Blood Pressure Monitoring in Cardiovascular Medicine and Therapeutics / Edition 1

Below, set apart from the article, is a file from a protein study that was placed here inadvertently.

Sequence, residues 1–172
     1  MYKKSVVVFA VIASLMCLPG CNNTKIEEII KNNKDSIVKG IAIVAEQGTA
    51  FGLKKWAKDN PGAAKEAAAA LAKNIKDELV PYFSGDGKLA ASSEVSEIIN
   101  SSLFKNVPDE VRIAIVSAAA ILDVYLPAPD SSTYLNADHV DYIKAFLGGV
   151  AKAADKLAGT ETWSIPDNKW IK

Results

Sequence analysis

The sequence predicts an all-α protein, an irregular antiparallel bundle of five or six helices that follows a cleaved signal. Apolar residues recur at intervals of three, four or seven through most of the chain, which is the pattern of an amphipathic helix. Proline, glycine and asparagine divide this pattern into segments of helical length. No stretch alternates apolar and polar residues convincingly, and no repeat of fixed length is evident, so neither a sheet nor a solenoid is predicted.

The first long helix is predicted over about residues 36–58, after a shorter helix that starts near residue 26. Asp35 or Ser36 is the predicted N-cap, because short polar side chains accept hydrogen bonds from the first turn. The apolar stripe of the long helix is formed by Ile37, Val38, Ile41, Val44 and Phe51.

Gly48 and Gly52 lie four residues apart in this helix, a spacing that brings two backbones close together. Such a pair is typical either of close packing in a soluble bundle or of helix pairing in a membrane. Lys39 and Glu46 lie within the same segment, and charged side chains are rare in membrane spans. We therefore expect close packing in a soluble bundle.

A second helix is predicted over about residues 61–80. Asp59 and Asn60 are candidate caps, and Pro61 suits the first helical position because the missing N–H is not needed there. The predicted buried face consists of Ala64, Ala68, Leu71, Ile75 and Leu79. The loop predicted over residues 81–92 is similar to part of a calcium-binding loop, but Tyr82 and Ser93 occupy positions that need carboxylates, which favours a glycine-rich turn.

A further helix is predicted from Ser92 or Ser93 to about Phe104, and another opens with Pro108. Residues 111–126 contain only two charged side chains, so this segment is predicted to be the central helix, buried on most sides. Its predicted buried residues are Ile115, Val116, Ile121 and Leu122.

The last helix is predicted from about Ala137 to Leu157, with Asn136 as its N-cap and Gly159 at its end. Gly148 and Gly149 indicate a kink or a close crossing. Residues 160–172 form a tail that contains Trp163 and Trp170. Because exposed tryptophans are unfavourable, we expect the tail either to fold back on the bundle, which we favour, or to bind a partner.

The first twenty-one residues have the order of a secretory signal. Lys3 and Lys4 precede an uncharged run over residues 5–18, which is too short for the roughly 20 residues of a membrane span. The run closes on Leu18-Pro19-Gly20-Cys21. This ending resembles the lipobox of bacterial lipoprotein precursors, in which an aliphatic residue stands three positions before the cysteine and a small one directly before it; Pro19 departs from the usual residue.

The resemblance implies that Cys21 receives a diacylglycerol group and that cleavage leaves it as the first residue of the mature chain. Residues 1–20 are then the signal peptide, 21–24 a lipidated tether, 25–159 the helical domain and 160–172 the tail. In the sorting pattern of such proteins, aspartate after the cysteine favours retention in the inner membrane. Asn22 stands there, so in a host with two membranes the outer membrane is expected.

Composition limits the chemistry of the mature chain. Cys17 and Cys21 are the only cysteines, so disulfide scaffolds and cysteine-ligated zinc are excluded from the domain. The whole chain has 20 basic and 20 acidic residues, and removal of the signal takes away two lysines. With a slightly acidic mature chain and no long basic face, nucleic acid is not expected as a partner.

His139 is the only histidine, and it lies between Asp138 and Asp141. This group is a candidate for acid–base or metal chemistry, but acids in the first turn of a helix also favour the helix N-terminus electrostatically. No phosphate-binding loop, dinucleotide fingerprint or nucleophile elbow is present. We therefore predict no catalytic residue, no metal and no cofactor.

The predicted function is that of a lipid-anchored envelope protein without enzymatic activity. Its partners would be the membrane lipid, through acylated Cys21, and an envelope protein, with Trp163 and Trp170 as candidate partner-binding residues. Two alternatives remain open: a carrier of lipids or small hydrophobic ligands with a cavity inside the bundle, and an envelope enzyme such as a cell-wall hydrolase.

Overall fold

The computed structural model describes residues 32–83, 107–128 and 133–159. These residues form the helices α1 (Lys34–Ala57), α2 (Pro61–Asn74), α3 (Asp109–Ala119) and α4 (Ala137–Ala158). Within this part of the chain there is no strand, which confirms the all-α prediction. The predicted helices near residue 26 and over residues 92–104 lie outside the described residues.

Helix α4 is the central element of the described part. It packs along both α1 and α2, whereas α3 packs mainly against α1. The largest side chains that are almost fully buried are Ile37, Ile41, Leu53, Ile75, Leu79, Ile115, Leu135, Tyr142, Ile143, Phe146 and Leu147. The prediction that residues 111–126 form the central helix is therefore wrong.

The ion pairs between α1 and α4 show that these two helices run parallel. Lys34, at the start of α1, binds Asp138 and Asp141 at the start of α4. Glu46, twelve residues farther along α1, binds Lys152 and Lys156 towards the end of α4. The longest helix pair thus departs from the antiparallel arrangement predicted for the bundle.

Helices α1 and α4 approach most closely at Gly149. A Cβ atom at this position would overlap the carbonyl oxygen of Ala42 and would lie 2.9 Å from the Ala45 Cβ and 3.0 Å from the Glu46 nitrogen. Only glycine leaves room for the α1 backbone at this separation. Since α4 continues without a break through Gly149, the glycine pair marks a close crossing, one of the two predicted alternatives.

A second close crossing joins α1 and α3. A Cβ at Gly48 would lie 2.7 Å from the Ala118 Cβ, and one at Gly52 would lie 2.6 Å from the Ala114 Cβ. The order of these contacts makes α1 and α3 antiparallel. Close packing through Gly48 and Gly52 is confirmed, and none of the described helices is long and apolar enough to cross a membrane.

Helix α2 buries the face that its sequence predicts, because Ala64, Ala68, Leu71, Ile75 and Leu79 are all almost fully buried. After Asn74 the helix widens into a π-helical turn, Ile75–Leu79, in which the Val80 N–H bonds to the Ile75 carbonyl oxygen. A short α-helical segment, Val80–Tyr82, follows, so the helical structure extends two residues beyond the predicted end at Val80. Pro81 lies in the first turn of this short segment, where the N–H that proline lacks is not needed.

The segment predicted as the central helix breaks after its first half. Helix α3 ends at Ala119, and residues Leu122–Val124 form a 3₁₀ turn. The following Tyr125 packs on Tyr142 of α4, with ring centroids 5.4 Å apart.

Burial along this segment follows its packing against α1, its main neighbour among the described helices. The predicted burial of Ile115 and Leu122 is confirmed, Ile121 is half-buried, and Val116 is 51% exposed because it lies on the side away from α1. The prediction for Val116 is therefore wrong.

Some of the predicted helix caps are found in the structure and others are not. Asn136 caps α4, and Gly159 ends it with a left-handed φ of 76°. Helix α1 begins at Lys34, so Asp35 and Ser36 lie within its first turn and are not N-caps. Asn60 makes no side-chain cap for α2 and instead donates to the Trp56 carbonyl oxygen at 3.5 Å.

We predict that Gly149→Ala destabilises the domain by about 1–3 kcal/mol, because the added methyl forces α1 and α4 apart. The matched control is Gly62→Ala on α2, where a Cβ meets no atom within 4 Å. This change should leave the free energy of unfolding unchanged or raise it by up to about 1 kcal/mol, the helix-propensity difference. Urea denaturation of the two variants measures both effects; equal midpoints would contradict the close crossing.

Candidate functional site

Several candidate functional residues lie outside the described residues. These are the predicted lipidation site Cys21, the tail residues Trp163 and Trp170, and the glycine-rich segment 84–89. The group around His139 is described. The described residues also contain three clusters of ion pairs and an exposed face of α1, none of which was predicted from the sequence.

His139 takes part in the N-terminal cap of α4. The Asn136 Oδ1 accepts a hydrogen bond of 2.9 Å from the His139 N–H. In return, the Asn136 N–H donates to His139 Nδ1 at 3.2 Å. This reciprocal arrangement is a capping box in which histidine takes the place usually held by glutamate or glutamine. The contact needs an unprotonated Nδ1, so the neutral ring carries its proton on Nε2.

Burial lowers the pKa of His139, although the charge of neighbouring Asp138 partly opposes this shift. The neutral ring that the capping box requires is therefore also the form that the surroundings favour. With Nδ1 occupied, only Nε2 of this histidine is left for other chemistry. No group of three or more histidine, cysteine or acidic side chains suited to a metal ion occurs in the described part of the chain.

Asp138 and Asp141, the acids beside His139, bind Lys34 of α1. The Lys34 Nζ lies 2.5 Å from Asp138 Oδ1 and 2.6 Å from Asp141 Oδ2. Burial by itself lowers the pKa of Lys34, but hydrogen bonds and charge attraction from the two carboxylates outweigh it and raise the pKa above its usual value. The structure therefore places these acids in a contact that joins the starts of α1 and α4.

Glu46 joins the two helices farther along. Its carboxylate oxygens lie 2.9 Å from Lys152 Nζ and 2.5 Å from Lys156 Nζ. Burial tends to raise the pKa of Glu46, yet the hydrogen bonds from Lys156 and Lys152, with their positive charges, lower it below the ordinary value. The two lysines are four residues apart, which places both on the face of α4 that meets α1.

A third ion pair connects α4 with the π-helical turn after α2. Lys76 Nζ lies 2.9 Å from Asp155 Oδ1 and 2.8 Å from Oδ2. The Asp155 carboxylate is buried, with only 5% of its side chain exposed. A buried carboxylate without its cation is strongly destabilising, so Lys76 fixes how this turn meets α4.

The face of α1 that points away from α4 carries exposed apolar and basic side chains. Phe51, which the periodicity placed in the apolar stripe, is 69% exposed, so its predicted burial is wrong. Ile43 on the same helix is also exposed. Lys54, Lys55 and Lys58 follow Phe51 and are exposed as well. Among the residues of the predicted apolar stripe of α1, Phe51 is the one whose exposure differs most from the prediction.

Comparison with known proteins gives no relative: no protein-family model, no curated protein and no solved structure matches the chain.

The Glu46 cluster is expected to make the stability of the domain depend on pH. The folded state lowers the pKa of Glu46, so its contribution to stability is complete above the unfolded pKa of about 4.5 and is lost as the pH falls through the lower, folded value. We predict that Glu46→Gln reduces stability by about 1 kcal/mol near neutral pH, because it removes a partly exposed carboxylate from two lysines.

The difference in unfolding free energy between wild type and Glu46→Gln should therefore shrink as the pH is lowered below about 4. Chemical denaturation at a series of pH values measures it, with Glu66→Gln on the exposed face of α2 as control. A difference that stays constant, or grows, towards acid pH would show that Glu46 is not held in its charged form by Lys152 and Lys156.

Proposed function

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Although elderly hypertensive patients are the subjects of the largest body of outcomes trial data, as a group they are not getting the maximum benefit from antihypertensive medications. In Hypertension in the Elderly, a panel of leading academic physicians comprehensively reviews all aspects of this problem using the most current clinical data. Topics range from basic concepts, epidemiology and trials, and evaluation and management, to pharmacological treatment, special populations, and adherence, all presented with an emphasis on the optimal management of patients. The authors examine in detail the mechanisms of hypertension in the elderly, particularly age-related changes in vascular stiffness, and methodically review the lifestyle and outcomes trials that were conducted in older persons. The problems of clinical evaluation, secondary hypertension, and target organ damage are also fully addressed, and a practical approach is provided for correctly determining blood pressure, one of the most important tasks in evaluating an older patient. Extensive discussions of pharmacological therapy detail the role of individual drug classes, including diuretics and [beta]-blockers, angiotensin-converting enzyme inhibitors, angiotensin receptor blockers, calcium antagonists, [alpha]-I blockers, and combination drug therapies. Additional chapters focus on special populations, such as African Americans, patients with diabetes, and patients with arthritis, as well as on the clinician's role in improving therapeutic adherence in older patients.